The audit claims some officers game the system to maximize their pay. Bailey didn't direct that accusation at any individual.

Cranley asked Black to release the document publicly Wednesday, and WCPO obtained a copy from the city manager's office. Black and Isaac insisted, however, that it was incomplete, and that a figure cited in the Enquirer's report was inaccurate.

Isaac said his department's financial manager wasn't consulted and didn't get a chance to verify the audit's numbers.

He also expressed frustration that two confidential documents had been released to the media in the past three months without his approval. Both were under the oversight of the Administrative Bureau, Isaac said. Though the chief didn't name him specifically, Bailey is in charge of that bureau.

"This continues to be a concern and hinders the operation of the agency," Isaac wrote.

In his text message, Black accused the Enquirer of being "complicit in this behavior." Its editor defended the reporting.

"The only thing we are complicit to here is making the public aware of how its tax dollars are being spent," Beryl Love said.

Another audit of police overtime, released in 2016, found significant gaps in oversight, including a lack of proper approval for overtime hours and instances of officers taking paid time off and then working overtime assignments in the same timeframe.

In that report, Bailey said former chief Jeffrey Blackwell allowed "unlimited overtime opportunities with little or no review." Black cited similar problems in a Sept. 9, 2015 memo announcing Blackwell's termination.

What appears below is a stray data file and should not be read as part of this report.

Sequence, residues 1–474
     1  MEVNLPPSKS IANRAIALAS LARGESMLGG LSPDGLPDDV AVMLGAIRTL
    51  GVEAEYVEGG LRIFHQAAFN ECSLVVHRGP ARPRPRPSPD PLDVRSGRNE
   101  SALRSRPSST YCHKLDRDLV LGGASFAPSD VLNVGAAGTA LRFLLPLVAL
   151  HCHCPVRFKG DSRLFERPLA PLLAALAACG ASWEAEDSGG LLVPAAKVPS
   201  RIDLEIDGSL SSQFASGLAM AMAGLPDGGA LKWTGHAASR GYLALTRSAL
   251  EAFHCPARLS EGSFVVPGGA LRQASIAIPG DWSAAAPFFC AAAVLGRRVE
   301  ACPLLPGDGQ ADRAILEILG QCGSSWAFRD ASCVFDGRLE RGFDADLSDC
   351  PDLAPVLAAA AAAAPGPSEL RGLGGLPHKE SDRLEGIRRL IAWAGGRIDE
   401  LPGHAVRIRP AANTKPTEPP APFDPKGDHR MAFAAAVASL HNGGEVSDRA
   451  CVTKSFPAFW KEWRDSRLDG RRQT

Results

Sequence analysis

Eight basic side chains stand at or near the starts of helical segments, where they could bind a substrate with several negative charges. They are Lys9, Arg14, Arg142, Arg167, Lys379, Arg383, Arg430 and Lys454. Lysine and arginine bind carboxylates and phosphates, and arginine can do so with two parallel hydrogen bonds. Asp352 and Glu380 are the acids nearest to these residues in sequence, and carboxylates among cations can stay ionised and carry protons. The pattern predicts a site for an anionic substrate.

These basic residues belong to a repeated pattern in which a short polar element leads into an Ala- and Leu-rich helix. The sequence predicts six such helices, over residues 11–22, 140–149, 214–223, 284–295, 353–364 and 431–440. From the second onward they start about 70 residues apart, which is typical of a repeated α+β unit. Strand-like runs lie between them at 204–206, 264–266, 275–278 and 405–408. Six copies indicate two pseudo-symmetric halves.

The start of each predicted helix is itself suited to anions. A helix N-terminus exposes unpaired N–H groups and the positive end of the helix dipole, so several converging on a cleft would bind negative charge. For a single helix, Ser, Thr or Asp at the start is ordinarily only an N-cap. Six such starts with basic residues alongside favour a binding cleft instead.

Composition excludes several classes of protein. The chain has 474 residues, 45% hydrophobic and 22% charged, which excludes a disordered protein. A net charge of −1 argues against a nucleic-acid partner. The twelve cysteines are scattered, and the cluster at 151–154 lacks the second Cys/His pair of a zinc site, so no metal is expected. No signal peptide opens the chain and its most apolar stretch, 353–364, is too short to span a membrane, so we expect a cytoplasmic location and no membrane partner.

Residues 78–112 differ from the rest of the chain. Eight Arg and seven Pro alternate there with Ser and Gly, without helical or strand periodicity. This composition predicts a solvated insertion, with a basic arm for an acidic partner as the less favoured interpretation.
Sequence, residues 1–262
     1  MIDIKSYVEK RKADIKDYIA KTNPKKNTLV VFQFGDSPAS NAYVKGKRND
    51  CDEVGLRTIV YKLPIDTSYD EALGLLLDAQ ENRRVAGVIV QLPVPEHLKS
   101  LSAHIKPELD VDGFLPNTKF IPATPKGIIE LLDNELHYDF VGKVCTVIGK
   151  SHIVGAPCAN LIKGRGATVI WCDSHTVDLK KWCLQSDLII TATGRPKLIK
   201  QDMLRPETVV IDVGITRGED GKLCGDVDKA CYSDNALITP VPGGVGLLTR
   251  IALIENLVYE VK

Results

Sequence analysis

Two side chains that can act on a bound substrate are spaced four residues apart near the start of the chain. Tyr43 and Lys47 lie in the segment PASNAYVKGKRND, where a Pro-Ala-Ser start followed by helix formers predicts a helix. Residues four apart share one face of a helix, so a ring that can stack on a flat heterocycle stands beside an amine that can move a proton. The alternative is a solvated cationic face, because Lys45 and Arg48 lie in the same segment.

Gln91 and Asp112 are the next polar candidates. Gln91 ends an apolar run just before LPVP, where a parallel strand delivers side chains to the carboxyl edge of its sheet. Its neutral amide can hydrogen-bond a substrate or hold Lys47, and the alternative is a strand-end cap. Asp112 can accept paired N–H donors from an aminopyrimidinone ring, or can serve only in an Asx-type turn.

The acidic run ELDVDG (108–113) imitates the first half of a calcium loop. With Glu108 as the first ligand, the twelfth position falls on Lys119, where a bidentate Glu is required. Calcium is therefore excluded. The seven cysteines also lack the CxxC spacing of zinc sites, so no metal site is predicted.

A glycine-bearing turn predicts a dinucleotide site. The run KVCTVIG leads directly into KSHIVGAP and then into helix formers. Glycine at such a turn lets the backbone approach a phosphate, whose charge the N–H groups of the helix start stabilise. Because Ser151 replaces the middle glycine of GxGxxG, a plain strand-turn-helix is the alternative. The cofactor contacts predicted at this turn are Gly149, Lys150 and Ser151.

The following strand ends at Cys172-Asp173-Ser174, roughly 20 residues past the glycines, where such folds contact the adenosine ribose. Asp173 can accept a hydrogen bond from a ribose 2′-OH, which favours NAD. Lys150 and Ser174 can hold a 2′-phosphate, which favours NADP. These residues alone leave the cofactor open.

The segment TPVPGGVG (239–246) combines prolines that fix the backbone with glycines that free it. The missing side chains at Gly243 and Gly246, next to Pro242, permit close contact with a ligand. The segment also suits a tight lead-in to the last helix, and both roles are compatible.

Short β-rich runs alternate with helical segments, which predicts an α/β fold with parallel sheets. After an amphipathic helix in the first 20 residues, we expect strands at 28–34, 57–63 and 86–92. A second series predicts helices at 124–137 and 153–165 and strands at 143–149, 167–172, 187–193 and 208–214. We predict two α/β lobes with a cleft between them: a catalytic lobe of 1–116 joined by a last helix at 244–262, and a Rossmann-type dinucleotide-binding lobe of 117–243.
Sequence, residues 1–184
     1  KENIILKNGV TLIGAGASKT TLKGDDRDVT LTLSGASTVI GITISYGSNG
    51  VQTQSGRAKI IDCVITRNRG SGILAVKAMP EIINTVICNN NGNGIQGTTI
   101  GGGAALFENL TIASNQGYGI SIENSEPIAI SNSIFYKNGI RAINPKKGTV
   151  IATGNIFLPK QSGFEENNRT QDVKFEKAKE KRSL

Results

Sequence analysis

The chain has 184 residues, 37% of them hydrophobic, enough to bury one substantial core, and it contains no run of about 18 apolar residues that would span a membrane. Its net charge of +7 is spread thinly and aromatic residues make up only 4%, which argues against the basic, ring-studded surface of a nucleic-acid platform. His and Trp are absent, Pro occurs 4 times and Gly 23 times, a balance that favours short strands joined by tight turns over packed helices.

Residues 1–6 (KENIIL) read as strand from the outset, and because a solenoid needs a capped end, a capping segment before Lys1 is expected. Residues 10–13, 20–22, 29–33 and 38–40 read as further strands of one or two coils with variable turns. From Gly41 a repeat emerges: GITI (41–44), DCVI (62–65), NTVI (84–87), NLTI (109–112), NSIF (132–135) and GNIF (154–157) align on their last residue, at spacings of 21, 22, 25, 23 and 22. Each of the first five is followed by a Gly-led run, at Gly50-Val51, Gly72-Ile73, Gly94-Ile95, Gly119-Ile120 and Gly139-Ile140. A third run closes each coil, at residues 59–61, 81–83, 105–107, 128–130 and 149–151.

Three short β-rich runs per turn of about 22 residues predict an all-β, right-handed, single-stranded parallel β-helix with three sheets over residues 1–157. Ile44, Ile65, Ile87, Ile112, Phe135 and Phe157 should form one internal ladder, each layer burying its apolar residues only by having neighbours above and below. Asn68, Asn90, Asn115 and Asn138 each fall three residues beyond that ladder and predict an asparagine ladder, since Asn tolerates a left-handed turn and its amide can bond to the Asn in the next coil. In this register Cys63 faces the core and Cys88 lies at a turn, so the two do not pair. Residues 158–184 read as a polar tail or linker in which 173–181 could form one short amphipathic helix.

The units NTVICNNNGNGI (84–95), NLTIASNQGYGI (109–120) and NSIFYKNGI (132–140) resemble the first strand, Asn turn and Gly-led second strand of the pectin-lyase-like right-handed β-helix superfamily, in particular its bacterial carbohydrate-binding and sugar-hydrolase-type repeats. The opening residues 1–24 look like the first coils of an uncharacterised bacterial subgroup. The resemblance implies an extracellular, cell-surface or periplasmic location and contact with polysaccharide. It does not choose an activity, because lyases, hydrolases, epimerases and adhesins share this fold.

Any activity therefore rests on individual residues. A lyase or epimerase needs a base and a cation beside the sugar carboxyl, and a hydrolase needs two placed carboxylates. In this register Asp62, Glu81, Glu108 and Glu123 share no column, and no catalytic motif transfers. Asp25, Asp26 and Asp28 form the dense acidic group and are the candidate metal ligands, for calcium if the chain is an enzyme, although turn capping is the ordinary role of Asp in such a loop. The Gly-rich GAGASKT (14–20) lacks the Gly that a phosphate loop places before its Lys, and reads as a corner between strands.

Bailey claimed those practices had been eliminated.

But Bardua claimed Isaac's job may be on the line like Blackwell's was before. In her complaint, she said Butler showed up at her house earlier this year, apparently upset about the most recent overtime audit. Bardua alleged Butler told her she or Isaac "will not survive this. It's either you or him.'"

Brian Gillan, attorney for Butler and Bailey, denied the men were trying to force Isaac out of office. He also said the pair called the discrimination complaint "baseless" and believe it will be dismissed.

Butler helped Bardua study for her captain's exam and has "always been a friend and supporter," Gillan said.

"Capt. Butler and Lt. Col. Bailey have the highest regard for Chief Isaac, and have always acted in a way that is consistent with the esteem in which they hold Chief Isaac," Gillan said in a statement. "They have been loyal supporters of Chief Isaac’s leadership of the department.”

Neudigate declined to comment.

Wednesday's tension is just the latest in a string of controversies swirling around the police department generally, and District Five specifically, over the past few months.

Others have alleged the department treated its 911 center as a "dumping ground" for sergeants who couldn't cut it in the field; that City Manager Harry Black retaliated against Butler for questioning how the city spends 911 money and grants; and that District Five headquarters was a health hazard. In the final case, a federal agency reported last week there's no reason to believe the building was tied to cases of cancer among police union members.